Earth Day may be Tuesday, but Gravel Springs Farm in Union Bridge is hoping area residents will still want to celebrate on April 26 by helping to plant 1,200 trees on some conservation area at the farm.
This is the second volunteer-based tree planting at the farm since the fall, with the trees and event coordination being provided by the Chesapeake Bay Foundation.
Paul Sorenson, owner of Gravel Springs Farm, said he learned about the opportunity through Ron Schnable, a restoration scientist with the Chesapeake Bay Foundation, whom he met through the Maryland Grazers Network and Future Harvest, a Chesapeake Alliance for Sustainable Agriculture.
Currently the farm grows organic vegetables and has free-range chickens for egg production, but the Sorensons are planning to add grass-fed beef cattle and pastured pigs to the farm. Sorenson said he joined the two organizations looking for guidance on how to improve his pastures so the animals could graze off the land, receiving harvested feed only as a supplement instead of their main food.
Schnable and a mentor farmer from Frederick County visited Gravel Springs Farm and suggested that Sorenson retire some of the poor-growing pasture lands on his farm into conservation land planted with trees, particularly since some of these areas were a wetlands.
"It seemed like a good fit for us because we had this marginal land that was not great crop land, and it's also a critical waterway area," Sorenson said.
Gravel Springs Farm has natural springs that are the headwaters of Roop's Branch, which leads to Little Pipe Creek, then the Monocacy River, into the Potomac River, and eventually the Chesapeake Bay, said Carmera Thomas, CBF coordinator for the tree planting event.
"Carroll County is really a hot spot for us right now because it is in the Upper Potomac watershed and there are a lot of [dairy] farms," Thomas said.
Cattle farms are of particular interest because if they have access to streams, they tend to cause more erosion of the stream banks, allowing escaped nutrients from the soil and fertilizer to pollute the water, Thomas said, as well as the cows' manure, which is also full of nutrients. Excessive nutrients in the bay can lead to too much algae, which can negatively impact fish and other aquatic life.
Adding trees near streams reduces erosion, and the shade can also keep the streams cooler, providing better habitat for the wildlife within them.
"A lot of the streams on the farms in Carroll County and Frederick County are trout streams that require colder temperatures for the spawning of the fish, and [planting trees] just really improves all the tributaries of the watershed there," she said.
CBF and volunteers helped plant about 800 trees on Gravel Springs Farm in the fall, and will plant an additional 1,200 April 26. Sorenson said he planted an additional 800 trees through the U.S. Department of Agriculture's Natural Resources Conservation Service. The total acreage of new trees on his farm is about 15 acres, he said.
"Part of our goal here is to be sustainable and use as many of our resources wisely on our farm as we possibly can," Sorenson said. "Water [quality] is one of those important issues."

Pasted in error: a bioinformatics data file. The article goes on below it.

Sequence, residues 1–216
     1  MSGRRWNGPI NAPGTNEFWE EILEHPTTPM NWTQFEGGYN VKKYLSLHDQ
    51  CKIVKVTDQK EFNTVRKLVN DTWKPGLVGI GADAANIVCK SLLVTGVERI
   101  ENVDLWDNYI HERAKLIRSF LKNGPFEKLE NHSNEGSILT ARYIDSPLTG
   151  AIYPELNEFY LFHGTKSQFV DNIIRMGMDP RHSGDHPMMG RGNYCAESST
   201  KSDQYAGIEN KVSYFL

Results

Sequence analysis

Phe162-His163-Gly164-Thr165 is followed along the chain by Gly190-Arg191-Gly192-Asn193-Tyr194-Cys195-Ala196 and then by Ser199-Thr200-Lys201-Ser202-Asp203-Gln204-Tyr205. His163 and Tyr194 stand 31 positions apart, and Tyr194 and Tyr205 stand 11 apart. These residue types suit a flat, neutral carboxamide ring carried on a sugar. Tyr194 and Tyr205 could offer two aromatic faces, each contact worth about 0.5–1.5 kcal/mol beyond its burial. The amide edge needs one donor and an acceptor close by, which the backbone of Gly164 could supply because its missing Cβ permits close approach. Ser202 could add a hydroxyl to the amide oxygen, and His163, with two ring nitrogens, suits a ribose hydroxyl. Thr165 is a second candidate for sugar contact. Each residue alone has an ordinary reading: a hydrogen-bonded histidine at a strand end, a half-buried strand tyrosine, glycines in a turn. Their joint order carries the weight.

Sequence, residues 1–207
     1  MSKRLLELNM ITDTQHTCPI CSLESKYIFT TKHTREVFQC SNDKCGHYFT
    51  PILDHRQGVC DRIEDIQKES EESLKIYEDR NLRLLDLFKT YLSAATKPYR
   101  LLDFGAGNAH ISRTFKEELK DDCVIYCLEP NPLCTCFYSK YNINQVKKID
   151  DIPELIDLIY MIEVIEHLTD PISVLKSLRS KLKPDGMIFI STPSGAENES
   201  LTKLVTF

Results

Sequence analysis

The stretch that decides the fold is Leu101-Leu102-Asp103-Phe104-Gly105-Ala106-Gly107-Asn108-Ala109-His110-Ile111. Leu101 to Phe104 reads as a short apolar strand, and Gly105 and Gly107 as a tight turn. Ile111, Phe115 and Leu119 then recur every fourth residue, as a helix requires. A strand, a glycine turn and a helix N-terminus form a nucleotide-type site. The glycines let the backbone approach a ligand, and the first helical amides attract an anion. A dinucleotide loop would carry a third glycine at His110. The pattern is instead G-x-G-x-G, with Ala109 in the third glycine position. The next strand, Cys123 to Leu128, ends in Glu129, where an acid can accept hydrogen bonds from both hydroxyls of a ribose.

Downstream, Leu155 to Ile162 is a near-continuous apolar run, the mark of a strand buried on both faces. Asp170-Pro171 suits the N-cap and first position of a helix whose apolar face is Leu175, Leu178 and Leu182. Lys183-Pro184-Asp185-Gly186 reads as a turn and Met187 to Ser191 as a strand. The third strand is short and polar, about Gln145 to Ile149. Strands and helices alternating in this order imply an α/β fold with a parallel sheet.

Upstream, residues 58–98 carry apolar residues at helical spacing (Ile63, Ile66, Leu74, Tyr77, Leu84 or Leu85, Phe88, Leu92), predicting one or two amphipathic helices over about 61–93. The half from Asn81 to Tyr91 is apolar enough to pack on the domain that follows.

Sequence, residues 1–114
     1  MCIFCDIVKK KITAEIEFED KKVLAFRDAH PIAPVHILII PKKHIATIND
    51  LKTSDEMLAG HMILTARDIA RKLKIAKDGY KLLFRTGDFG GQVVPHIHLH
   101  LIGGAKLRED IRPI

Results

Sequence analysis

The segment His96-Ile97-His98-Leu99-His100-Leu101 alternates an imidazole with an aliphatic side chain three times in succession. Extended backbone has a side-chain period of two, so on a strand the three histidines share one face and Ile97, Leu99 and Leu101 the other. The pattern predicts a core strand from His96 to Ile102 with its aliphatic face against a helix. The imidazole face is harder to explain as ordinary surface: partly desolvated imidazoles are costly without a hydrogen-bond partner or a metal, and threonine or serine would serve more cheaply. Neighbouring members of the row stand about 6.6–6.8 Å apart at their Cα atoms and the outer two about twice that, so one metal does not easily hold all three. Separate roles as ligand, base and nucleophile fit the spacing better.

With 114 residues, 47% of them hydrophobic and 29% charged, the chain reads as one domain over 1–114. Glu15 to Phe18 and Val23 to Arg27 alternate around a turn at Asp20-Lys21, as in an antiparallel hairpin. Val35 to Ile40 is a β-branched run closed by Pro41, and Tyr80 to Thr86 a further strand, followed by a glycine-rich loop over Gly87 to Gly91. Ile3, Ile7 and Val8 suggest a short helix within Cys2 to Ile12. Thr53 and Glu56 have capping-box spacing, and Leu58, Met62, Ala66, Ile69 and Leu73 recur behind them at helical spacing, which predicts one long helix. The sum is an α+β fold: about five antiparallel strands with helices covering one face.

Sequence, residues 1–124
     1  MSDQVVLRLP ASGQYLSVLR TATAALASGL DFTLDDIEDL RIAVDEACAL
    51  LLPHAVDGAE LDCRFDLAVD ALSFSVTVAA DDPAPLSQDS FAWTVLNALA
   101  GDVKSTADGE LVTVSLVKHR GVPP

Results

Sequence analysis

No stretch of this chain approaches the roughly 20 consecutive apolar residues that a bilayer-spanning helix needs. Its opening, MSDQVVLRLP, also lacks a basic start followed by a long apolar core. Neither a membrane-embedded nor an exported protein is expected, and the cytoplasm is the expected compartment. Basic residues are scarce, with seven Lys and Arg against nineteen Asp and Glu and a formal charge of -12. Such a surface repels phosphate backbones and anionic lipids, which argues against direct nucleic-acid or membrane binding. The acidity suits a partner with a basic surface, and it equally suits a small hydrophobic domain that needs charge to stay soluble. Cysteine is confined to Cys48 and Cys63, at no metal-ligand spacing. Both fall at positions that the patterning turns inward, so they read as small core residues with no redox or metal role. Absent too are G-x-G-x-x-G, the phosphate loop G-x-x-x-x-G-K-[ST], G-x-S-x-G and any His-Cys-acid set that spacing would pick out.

Thomas said CBF is hoping to get 100 to 150 volunteers for the tree planting, which will take place rain or shine from 9 a.m. to 1 p.m. April 26.
A limited number of shovels will be provided, so volunteers are encouraged to bring their own shovels and gloves (which you may want to label with your name to make them easy to identify when the event is over). Water will be provided, but participants are asked to bring their own water bottles. Some refreshments will be provided, but participants are welcome to bring their own food as well.
Volunteers are asked to register by visiting
or contacting Thomas at
Easter egg hunt
The New Windsor Lions Club is hosting its annual Easter egg hunt at noon Saturday at New Windsor Middle School, 1000 Green Valley Road, New Windsor.
There will be three age groups: 5 and younger, 6 to 8, and 9 to 12.
The Easter Bunny will be there to hand out chocolate Easter bunnies to participants and parents can take pictures of their children with the Easter Bunny using their own cameras.
In case of rain, the egg hunt will be cancelled and not rescheduled.
The event is free.
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Whether you can help out with a group project or just pitch in with the street and sidewalk in front of your house, the town of New Windsor is hoping to see widespread participation in its third annual Community Cleanup Day April 26.
In the past, projects have included the junior fire company repainting fire hydrants and Lions club members cleaning up the town's parks, said Mayor Neal Roop.
This year, a focus is going to be adding some mulch and new flowers around the town's war memorial on High Street and the town park on Main Street, he said. The city is also looking for volunteers to paint the curbs at storm drains to remind residents that the water eventually flows into the Chesapeake Bay and that it is important not to pollute that water.
Cleanup activities will take place from 9 a.m. to noon. Students in need of service-learning hours are encouraged to participate, Roop said.
"It's not a whole day thing so if somebody can come out for an hour or two, that would be great," Roop said. "If nothing else, clean up in front of your house -- just beautify New Windsor a little bit."